Ann Peconie was picking through mud-covered debris left by flood waters from the rain-swollen Mohawk River when she spotted the Victorian vase, wedged between a log and a display case inside the 18th-century manor-turned-museum she runs.
"It was perfect," she said of the artifact found inside the Walter Elwood Museum at Amsterdam's Guy Park Manor, a pre-Revolutionary War structure that sustained heavy damage from Hurricane Irene flooding that also severely damaged many of the properties in the New York state's cash-strapped system of parks and historic sites.
Total damage to the parks system from flooding caused by Irene in late August is about $15 million, but a final tab won't be known for weeks or possibly months, according to Dan Keefe, spokesman for the state Office of Parks, Recreation and Historic Preservation.
"The priority was to clean up and get things open as quickly as possible," he said.
As a safety precaution, the state closed 95 of its 213 parks and historic sites before Irene hit the New York City area the weekend of Aug. 27, with the hurricane's remnants continuing northward to batter much of eastern New York and New England with high winds and torrential rain.
The storm closed dozens of state-run properties, from beaches on Long Island to hiking trails in the Adirondacks and Catskills. Other parks suffered damage when the remnants of Tropical Storm Lee caused flooding around Binghamton and other eastern areas on Sept. 8.
Keefe said most of the closed parks have since reopened, except for those that normally close for the season after Labor Day. Hiking trails in the Adirondacks and Catskills have reopened, but some are in rough shape, Keefe said.
"When people go hiking, they should be prepared. The conditions are not ideal," he said.
Among the properties that remain closed is Guy Park Manor. The state-owned historic site on the Mohawk River's north bank in Amsterdam is operated by a local museum group headed by Peconie, its executive director.
Flooding caused by Hurricane Irene sent the river over its banks in late August, inundating the first floor of the Georgian limestone building that housed more than 20,000 artifacts. Sections of the structure's 19th-century additions collapsed when rushing water gouged a moat on the property and swept away the part of the foundation, causing walls to collapse and exposing parts of the interior.
Damage to the building's interior was extensive, and losses sustained to the museum's collection were still being tallied this past weekend, when volunteers and parks employees spent Saturday salvaging artifacts, furniture and other items.
Nicknamed "Amsterdam's attic," the Walter Elwood Museum's collection was moved just two years ago to Guy Park Manor, located within a few feet of the state canal system's Lock 11, which was also heavily damaged by the August flooding. Named for an early 20th century educator and collector in Amsterdam, the museum's collection tells the city's story from its days as a Mohawk Indian settlement up through its heyday as the carpet-making capital of the world.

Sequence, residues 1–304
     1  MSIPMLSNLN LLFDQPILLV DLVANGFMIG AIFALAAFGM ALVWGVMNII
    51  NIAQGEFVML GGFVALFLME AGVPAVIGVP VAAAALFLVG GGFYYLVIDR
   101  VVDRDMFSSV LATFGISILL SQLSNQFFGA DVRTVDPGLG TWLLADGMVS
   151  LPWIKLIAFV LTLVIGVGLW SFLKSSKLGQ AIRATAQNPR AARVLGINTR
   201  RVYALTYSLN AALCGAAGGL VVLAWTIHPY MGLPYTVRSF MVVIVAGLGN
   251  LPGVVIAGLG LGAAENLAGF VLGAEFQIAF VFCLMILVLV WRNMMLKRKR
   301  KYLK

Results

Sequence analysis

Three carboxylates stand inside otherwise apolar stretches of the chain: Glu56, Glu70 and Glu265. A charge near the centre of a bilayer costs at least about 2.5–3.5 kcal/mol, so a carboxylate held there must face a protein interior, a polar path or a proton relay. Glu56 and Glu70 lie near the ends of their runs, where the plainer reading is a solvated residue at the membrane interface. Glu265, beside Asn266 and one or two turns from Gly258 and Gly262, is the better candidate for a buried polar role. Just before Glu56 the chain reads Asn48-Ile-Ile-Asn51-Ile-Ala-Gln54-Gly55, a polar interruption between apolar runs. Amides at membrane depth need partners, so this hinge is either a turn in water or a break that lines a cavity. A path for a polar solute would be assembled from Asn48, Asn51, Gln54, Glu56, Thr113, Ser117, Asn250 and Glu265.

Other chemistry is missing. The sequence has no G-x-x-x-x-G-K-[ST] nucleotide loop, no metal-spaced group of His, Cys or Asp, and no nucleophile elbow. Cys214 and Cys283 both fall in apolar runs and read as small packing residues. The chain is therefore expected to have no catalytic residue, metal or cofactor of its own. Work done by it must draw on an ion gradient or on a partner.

Although many items collected by Elwood were swept away by the flood, some of the most important artifacts have been found, including a Thomas Edison cylinder phonograph from around 1900, Peconie said. And other displays, including the Native American collection, remained safe on the building's second floor, she said.
Still, the damage to the historic building, one of the oldest in an area known for its Colonial-era structures, was very disheartening to locals.
"That building was standing there before the Erie Canal came through," Peconie said. "That building was standing there before the trains came through."
The historic site remains closed to the public while crews continue repairing Guy Manor and the neighboring canal lock.
Also still closed was the Schoharie Crossing State Historic Site, on the river's south bank in neighboring Fort Hunter. And although not a state-owned site, nearby Old Fort Johnson also suffered damage from Irene, with water flooding several feet high inside the stone structure's first floor.
Both the Guy Park and Fort Johnson sites are linked historically. Fort Johnson, a national historic landmark, was built in 1749 by Sir William Johnson, a wealthy Mohawk Valley landowner and the British superintendent of Indian Affairs in pre-Revolutionary War years. Guy Park Manor in Amsterdam was built after the French and Indian War on property Johnson gave to his nephew and son-in-law, Guy Johnson, who succeeded his uncle as Britain's main liaison with American Indian tribes.
When hostilities broke out between Britain and its American colonies in 1775, a year after William Johnson's death, Guy Johnson and other loyalists, along with many Mohawk Indian families, fled the valley and headed to Canada. Guy never returned, and his former home was used for a brief time as a headquarters by the Continental Army.